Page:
In the context of this research we approached the job resources using four variables referring to autonomy, learning opportunities, organizing tasks and routine tasks. Building on the previously developed JD-R model, we assume to find positive relations between the three first job resources variables and IWB. This was confirmed by various studies that found positive relations between autonomy and IWB (Krause, 2004; Ramamoorthy et al., 2005; Slatten & Mehmetoglu, 2011) and creativity (Unsworth, Wall, & Carter, 2005). The role of routine tasks is more ambiguous. It can be seen as a negative indicator of job resources as employees that are obliged to perform constantly the same, short routine tasks have a narrow vision of the firm and the work procedures which inhibits them from making connections and seeing the big picture, both crucial for creative and innovative thinking (Oldham & Cummings, 1996). Yet, some others like Ohly et al. (2006) found positive relations between routinization and employee innovation, as routine tasks enable employees to see opportunities for improvement better.

Hypothesis 1: Job resources are positively related to IWB

For job challenges, two variables are used in this research: one referring to time pressure and the other to emotional pressure. In line with previous research on the relation between job demands and IWB (e.g. Fritz & Sonnentag, 2009; Janssen, 2000), we assume that time pressure and emotional pressure will positively relate to IWB. This is because job demands provide the need and motivation for employees to search for ways to improve and innovate on the workplace.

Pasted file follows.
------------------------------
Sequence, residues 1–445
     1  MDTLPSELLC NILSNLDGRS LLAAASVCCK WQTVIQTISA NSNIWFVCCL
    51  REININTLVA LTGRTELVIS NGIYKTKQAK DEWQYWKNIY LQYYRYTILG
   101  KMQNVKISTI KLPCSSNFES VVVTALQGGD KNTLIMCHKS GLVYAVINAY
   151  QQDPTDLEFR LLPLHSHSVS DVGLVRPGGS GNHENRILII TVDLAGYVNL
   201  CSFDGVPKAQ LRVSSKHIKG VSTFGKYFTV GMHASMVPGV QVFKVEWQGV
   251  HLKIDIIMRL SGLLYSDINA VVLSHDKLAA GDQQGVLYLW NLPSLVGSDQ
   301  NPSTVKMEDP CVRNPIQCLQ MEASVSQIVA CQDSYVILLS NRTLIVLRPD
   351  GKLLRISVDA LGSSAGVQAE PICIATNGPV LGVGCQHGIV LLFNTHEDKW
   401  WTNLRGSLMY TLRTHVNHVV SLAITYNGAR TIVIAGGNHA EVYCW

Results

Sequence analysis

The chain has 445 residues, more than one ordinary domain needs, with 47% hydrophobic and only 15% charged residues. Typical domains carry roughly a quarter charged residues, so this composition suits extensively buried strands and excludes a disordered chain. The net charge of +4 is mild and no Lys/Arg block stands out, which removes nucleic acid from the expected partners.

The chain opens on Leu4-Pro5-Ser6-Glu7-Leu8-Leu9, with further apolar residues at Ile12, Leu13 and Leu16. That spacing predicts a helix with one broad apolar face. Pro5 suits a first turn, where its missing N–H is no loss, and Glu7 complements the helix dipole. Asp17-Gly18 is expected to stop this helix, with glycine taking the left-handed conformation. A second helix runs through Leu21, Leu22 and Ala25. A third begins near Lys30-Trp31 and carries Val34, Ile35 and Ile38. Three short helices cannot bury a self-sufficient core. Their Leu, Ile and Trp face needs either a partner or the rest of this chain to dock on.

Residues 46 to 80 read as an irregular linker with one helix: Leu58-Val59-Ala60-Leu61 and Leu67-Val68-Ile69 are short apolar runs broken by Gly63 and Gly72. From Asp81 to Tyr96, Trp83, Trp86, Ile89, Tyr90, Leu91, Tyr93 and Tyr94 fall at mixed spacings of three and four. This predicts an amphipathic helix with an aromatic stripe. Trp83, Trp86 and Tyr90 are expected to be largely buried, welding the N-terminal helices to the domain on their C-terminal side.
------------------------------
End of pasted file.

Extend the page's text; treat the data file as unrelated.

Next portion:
Hypothesis 2: Job challenges are positively related to IWB

For job hindrances we use a variable referring to job insecurity. Job insecurity was previously found to negatively affect workplace creativity as it reduces the long term engagement and commitment of the employee to the work (Sverke, Hellgren, & Naswall, 2002). A recent research of Probst et al. (2007) combining survey and experimental research methods also showed that job insecurity is indeed related to poor creativity. According to Hartley et al. (1991), job insecurity is composed of an element referring to 'employment insecurity' (fear of losing your job), and an element referring to 'job content insecurity' (fear that your job content might change). In this research we'll focus on the second aspect of job security, the 'job content insecurity'.